My name is Ray Rockwell. I was raised in the hills and backwoods of northeast Pennsylvania. For the past few years my wife, Carol and I have spent our winters in Lady Lake, FL. My mother was the baby of thirteen, having many nieces and nephews, some older than she.
Her nephew, Leon Geer, aka Red, two years older than my mother, joined the US Navy. The 2nd World War was raging, so at a very young age he became a Navy pilot, stationed aboard the aircraft carrier Enterprise in the Pacific.
After the war, Red became the manager of the Veterans Airfield in Bloomington Indiana, also giving flying lessons. During one lesson, he became aware that after take off, one of the landing gears of his Aeronca airplane had come loose and was dangling below the plane, making it impossible to land the plane without wrecking. Very coolly, he had his student fly the plane, while he took off his belt, opened the door, climbed out onto the strut and did a quick fix by pulling the gear back into place and securing it with his belt. They landed the plane without incident!! (This came from an article in “Flying” magazine February 1949.)
Also, being an acrobatic pilot, he was asked, along with about 30 other pilots, to participate in the National Air Show in Miami, on January 8th, 1949. While practicing his stunts, his plane crashed and he was killed. That was January 1st, 1949. We had always been told that it happened somewhere in the Everglades near Miami.
My wife and I were on our way to Lady Lake this January 1st, then, while somewhere in North Carolina my cell phone rang. It was my sister Diane- she is our family genealogist. She was all excited. “You’ll never guess where Red was when he wrecked his plane?” “Where?” I asked. “North of Leesburg in the swamp off Eagles Nest Road!” she said.
Oh my god! I was shaken. I never told Diane about the old plane. I knew exactly where the wreck was. We had gone by it in our boat at least 50 times. Right there beside the canal from Fisherman’s Wharf to Lake Griffin, there was an airplane motor with the propeller still attached, fairly well bent, but still there. During World War 2, Leesburg Airport was an Army airfield, so we had all assumed that maybe some trainee had wrecked while on some training flight.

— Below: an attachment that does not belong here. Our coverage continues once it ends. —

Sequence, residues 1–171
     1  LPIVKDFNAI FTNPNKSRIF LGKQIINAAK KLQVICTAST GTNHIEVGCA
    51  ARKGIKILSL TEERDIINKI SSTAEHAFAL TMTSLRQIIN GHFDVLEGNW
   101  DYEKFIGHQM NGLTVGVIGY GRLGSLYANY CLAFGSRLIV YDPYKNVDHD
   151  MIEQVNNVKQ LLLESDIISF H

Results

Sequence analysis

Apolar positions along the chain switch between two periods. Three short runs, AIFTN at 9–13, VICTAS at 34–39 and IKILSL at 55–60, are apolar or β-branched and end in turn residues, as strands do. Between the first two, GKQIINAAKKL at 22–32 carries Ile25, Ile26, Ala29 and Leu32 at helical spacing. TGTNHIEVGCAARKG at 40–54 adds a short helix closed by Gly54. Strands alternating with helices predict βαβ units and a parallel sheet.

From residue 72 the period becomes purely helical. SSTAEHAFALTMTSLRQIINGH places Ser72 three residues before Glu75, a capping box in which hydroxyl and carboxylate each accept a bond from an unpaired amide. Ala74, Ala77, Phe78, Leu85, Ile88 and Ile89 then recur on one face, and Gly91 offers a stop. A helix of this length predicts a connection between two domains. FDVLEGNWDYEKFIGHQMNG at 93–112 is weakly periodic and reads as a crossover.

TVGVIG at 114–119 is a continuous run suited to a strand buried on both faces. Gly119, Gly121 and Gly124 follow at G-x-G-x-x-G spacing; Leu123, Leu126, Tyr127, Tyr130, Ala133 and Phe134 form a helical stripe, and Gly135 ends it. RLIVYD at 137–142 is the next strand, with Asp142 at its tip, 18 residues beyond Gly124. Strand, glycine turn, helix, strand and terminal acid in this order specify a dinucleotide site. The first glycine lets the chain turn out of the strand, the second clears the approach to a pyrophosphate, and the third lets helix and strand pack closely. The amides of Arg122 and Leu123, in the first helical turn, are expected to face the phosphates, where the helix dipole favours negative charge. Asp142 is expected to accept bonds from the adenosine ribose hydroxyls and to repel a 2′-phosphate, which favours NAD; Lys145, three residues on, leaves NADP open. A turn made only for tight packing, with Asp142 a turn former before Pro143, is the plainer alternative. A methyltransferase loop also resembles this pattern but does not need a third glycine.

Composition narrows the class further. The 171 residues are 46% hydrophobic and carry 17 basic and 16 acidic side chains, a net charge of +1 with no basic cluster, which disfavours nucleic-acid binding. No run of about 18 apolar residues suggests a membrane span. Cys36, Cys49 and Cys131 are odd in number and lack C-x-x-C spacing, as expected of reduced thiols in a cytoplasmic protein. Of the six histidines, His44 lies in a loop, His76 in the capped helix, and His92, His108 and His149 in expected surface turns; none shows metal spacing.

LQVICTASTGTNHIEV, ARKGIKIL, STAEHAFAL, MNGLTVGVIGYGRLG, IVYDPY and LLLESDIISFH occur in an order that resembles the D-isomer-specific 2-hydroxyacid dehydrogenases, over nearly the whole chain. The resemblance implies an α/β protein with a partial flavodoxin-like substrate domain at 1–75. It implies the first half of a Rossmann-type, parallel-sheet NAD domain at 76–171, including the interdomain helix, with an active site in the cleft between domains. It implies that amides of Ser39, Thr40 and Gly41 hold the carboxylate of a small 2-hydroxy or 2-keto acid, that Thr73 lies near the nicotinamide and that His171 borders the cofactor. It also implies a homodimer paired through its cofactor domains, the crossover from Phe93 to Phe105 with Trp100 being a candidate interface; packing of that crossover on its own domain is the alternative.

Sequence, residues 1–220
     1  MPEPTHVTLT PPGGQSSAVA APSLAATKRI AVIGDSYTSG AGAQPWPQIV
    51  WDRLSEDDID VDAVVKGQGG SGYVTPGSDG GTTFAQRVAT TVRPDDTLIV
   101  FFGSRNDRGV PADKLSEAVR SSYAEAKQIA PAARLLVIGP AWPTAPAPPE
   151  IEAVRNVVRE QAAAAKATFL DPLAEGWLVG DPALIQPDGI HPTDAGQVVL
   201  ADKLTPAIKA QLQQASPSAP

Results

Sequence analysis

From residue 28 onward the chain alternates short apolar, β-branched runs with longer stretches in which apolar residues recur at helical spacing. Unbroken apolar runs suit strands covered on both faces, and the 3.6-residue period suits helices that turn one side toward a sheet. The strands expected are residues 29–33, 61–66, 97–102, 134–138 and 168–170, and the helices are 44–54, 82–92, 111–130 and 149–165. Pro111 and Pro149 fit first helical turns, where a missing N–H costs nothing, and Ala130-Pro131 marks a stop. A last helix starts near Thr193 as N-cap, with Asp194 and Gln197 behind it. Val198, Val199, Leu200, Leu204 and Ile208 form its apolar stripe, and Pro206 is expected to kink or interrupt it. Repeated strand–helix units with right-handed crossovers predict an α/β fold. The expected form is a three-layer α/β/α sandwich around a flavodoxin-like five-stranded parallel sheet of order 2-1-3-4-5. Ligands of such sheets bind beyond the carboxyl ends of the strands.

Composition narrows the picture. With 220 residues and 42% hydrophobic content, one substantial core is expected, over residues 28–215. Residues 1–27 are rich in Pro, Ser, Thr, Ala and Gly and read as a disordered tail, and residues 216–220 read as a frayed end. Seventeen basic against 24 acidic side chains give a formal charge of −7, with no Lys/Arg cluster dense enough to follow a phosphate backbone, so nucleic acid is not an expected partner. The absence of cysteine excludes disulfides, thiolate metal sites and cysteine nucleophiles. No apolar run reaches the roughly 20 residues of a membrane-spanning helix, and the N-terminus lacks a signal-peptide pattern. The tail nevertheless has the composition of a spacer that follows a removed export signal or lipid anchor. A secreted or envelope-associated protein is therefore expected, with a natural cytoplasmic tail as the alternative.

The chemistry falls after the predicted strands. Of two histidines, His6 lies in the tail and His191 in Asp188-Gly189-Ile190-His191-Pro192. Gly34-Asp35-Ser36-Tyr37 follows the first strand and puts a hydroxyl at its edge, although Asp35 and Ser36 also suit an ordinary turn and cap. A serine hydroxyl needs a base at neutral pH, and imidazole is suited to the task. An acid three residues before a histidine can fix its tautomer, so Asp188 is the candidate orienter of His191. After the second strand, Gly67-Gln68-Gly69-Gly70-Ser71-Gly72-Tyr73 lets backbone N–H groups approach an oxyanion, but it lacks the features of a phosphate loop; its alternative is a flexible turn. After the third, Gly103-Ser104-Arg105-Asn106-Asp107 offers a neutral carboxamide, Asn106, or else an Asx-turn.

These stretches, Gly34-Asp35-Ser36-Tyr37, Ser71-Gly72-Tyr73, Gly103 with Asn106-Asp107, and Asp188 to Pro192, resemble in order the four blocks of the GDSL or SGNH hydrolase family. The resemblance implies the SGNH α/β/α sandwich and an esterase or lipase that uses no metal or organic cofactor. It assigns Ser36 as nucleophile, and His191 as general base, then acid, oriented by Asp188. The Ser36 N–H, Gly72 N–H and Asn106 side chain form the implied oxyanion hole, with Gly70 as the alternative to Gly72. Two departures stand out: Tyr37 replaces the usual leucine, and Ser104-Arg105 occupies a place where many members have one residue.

The local newspaper article (The Leesburg Commercial} headline said: Stunt Flier Killed Sat. In Crash North Of City. He was staying at the Eagles Nest Fish Camp with friends, “and while stunting low, his plane fell into the swamp.” “He was practicing stunts with his souped-up trainer plane with a 450 HP Pratt and Whitney engine when the wreck occurred”. The article went on to say “the search began immediately, but it was the next day before the body could be removed, cutting the plane apart with hacksaws”. “Part of the plane had sunk about five feet into the muck,” the paper said.
After recuperating from my trip from Pennsylvania, and being a bright, sunny day, some friends and I got in my boat and went to the wreck site to take pictures of the motor, fuselage, and fuel tank and whatever else was left. The ID plate was still attached to the tank and still legible after all those years in the Florida weather, and still smelling of fuel.
There is no doubt. This is my cousin Red Geer’s Stearman Plane.
Was I brought here to solve this mystery? For me, and my brothers and sister and other relatives, after 62 years to the day, this puts an end on the story of our departed 24 year old cousin Red, and with the internet, and my sister, now everyone knows. And of all the many coincidences in my life, this has to rate way above number one!
Anyone that may have any more information about my cousin Leon (Red) Geer, or the plane wreck please contact me. My email is: email@example.com or my phone: 570-442-1542.
This is a true story that has taken 62 years to solve – all pictures, newspaper articles concerning this amazing man –our cousin -can be found to the right in the gallery under the heading, “Leon Red Geer”….